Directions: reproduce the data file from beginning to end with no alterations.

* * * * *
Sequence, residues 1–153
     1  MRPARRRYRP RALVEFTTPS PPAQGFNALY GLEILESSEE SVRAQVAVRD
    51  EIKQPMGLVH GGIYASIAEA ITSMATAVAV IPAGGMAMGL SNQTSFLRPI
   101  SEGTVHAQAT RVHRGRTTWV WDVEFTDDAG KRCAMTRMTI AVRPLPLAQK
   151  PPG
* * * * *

Sequence, residues 1–153
     1  MRPARRRYRP RALVEFTTPS PPAQGFNALY GLEILESSEE SVRAQVAVRD
    51  EIKQPMGLVH GGIYASIAEA ITSMATAVAV IPAGGMAMGL SNQTSFLRPI
   101  SEGTVHAQAT RVHRGRTTWV WDVEFTDDAG KRCAMTRMTI AVRPLPLAQK
   151  PPG